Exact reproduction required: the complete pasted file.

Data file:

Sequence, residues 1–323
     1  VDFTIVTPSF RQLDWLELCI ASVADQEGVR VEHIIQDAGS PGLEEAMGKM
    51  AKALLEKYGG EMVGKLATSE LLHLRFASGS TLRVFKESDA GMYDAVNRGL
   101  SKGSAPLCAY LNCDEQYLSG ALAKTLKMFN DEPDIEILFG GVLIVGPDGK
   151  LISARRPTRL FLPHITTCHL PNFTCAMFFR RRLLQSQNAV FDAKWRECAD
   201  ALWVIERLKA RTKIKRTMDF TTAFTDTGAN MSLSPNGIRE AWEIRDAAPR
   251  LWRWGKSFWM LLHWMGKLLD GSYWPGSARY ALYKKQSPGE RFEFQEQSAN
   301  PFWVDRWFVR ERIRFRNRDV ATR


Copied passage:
Sequence, residues 1–323
     1  VDFTIVTPSF RQLDWLELCI ASVADQEGVR VEHIIQDAGS PGLEEAMGKM
    51  AKALLEKYGG EMVGKLATSE LLHLRFASGS TLRVFKESDA GMYDAVNRGL
   101  SKGSAPLCAY LNCDEQYLSG ALAKTLKMFN DEPDIEILFG GVLIVGPDGK
   151  LISARRPTRL FLPHITTCHL PNFTCAMFFR RRLLQSQNAV FDAKWRECAD
   201  ALWVIERLKA RTKIKRTMDF TTAFTDTGAN MSLSPNGIRE AWEIRDAAPR
   251  LWRWGKSFWM LLHWMGKLLD GSYWPGSARY ALYKKQSPGE RFEFQEQSAN
   301  PFWVDRWFVR ERIRFRNRDV ATR